Reflecting, as it were, upon a strange phenomenon – and not just sunshine at Consett – the column two weeks ago noted that spectators had to swap sides during an Ebac Northern League game up there after being dazzled by the glare from the synthetic pitch.

Hadn’t there, we wondered, been an incident during one of Durham’s early first class cricket fixtures – at Gateshead Fell, memory suggested – in which play was suspended because of the glare from a car windscreen behind the bowler’s arm?

Don Clarke thought not – “no public car parking at the Fell ground” – though he recalled the setting sun stopping play during a Durham match at Old Trafford – “ironically after rain had stopped play earlier in the day.”

The revered Tim Wellock, long the Echo’s man in the county press box, also doubts the Fell version but recalls an incident at Chester-le-Street in 1998 in the days that Newcastle United trained on an adjacent pitch and the sun beamed back brightly from John Barnes’s Toyota Lexus. He had to be summoned to shift it.

“In the same game,” Tim recalls, “a six by Wasim Akram smashed a headlight of a car parked next to the cabin we used in those days.

“It belonged to Radio Lancashire’s John Gwynne, better known for his darts commentaries, who dashed out and shook his fist at Wasim.”

Refulgently reminiscing, Don Clarke remembers being at the Riverside in those neighbourly days when the guy in front of him was being photographed at length. It proved to be another Magpie, Rob Lee – “being photographed from all angles for the mystery guest spot in A Question of Sport.”

The blog, bless it, has been recalling the great parliamentary debate in 1960 in which Houghton-le-Spring MP Billy Blyton – later Baron Blyton of South Shields – spoke forcefully about the menace of tic-tacking in 5s and 3s and successfully argued that it was a game of skill (“much more than chess.”)

It prompted Don Clarke – again – to recall that, upon ennoblement, the long-time former miner was approached by the College of Arms about a suitable crest. He asked for a pint of brown ale quartered with a greyhound rampant, crossed darts and a miner’s lamp.

Told that it wouldn’t be possible, he cheerfully retorted that he’d keep his £300.

Ralph Alderson, whose funeral was held last Friday, had in his time been both chairman of Barton Cricket Club – Darlington and District League – and for almost ten years of Northallerton Town FC, in the Northern League. He’d also been a churchwarden in both places.

“He would have hated all this,” said Fiona Mawer-Jones, Northallerton’s vicar, a reference not to death – to which few may much look forward – but to funereal fuss.

Ralph, 86, was one of the Swaledale Aldersons, of whom there have been a great many. Born in Reeth, a canny goalkeeper by every account, he served in the Royal Signals, became a police officer and later a Lloyd’s Bank man. He also supported Manchester United.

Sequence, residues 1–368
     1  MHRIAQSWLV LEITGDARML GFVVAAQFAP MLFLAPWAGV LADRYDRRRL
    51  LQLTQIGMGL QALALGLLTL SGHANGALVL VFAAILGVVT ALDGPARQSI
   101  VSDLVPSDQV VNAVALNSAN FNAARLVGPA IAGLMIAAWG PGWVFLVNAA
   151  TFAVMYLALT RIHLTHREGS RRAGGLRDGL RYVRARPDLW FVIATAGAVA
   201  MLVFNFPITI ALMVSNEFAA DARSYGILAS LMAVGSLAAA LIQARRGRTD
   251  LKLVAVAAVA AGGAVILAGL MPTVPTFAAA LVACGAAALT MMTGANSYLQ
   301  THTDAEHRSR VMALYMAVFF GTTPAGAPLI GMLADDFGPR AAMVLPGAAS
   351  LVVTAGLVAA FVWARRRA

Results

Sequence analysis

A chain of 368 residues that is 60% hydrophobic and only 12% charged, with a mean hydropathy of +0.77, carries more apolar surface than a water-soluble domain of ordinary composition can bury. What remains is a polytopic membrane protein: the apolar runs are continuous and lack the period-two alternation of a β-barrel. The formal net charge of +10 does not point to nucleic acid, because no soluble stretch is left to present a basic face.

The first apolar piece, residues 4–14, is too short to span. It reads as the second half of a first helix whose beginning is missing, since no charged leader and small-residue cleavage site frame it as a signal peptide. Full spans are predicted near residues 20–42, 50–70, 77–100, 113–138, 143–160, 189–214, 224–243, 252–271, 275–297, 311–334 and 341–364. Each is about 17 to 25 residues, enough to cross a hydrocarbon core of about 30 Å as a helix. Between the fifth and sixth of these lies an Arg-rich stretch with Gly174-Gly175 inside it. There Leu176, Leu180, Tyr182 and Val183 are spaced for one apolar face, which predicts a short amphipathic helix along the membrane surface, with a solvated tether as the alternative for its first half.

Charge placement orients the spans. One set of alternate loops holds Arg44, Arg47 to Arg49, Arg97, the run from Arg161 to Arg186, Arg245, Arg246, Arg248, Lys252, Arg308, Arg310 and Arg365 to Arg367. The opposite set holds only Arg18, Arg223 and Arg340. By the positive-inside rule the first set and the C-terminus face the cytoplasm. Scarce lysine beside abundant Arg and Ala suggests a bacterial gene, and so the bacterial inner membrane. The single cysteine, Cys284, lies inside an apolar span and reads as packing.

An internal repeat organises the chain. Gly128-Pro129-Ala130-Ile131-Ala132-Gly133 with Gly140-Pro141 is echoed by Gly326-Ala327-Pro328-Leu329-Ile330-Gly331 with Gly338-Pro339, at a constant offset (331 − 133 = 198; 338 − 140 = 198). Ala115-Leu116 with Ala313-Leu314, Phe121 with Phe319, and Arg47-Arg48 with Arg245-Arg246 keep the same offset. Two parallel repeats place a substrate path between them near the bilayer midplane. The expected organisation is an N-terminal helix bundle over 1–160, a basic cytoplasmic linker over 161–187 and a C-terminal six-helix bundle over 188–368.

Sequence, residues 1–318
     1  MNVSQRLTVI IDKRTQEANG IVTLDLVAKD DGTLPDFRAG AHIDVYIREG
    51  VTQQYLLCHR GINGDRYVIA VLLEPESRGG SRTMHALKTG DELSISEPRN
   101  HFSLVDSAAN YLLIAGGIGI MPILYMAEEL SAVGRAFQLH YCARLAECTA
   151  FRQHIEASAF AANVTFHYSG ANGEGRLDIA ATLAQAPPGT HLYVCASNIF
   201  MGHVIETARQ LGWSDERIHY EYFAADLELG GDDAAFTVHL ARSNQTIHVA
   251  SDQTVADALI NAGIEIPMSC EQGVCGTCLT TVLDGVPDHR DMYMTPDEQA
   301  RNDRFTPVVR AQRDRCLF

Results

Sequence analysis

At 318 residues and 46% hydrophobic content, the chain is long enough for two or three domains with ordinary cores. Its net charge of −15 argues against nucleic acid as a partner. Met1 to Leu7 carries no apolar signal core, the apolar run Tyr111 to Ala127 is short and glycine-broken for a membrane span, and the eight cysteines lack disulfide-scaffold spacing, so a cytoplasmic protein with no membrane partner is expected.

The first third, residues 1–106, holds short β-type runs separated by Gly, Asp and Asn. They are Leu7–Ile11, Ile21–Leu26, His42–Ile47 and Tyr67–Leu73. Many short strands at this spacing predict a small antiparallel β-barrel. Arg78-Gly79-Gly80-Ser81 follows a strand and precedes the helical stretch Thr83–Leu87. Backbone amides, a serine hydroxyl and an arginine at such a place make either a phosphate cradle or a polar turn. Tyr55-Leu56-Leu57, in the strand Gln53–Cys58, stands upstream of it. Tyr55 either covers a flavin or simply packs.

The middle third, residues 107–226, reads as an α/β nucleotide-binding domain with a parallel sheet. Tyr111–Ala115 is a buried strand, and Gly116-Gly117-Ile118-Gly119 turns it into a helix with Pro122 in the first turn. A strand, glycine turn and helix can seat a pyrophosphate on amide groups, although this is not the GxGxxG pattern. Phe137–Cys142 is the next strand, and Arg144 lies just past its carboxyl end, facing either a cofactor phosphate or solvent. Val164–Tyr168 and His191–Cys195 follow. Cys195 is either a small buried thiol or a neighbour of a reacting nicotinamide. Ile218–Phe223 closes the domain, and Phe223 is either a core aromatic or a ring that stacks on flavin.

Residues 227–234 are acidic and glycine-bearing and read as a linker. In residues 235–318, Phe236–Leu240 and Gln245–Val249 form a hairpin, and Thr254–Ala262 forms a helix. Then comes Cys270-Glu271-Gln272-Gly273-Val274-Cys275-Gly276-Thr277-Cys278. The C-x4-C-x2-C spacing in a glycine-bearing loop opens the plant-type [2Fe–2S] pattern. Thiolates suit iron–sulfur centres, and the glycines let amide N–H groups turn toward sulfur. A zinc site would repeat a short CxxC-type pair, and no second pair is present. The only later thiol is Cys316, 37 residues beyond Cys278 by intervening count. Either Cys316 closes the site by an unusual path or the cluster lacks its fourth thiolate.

He was, said the vicar, both a gentleman and a gentle man. They played him in to Swaledale, a national anthem up there, and out again to Nat King Cole, Autumn Leaves.

Believing that their support increases as Boro’s declines, Stockton Town FC were well represented at Whitley Bay last Saturday – one of the flags declaring them to be the “Sherry barmy army.” It should not be assumed that the boys have taken to the fortified wine, however.. They’re from the Sheraton pub and, perhaps happily, are sticking to the beer.

Last week’s column noted that former Sunderland manager Peter Reid had used the f-word 75 times – and never mind all the others – in a 30-minute speech in Newcastle. That same morning, the Guardian carried an interview with the gentleman.

The air, it said, turned “royally blue” when Boris Johnson appeared on television while they’d been talking.

The Guardian uses language that the Backtrack column wouldn’t care to. Suffice that the old Evertonian believes the old Etonian to be overweight, mendacious and spurious (or words to that effect.)

Still on Merseyside, last week’s report on the Lower Breck v Shildon FA Vase match recalled the 1967 hit Thank You Very Much and wondered – like many before – about the “Aintree iron” for which Scaffold were so very grateful.

Mike Floate reckons his “racing obsessed” grandfather thought the Aintree iron a type of whip; Alan Macnab believes it more likely to have been the stirrups.

Suggestions via the blog have ranged from famous cast iron urinals made by the Aintree Iron Company to the local name for the Edge Hill railway sidings. There’ve been many more, ferrous and against us.

Mike McCartney, who wrote Scaffold’s only hit, has always refused to say what he was on about it. He simply insists that everyone’s wrong.

We reported on October 26 that former Quakers directors Peter Ellis and Gordon Hodgson wanted to sell their “Darlington” steam engine nameplate – a replica but made at the same brass foundry as the originals and correct in every detail. It’s now listed in next Tuesday’s sale at Thomas Watson’s auction house in the town – guide price between £2,000-£4,000.

and finally, the three football men who’ve clocked up 400 or more top flight matches as both player and manager (Backtrack, November 2) are Steve Bruce, Mark Hughes and Sir Bobby Robson.

Michael Rudd in Bishop Auckland today invites readers to name the last player to sign for Sunderland straight from Newcastle United. Another short journey and the column returns next week.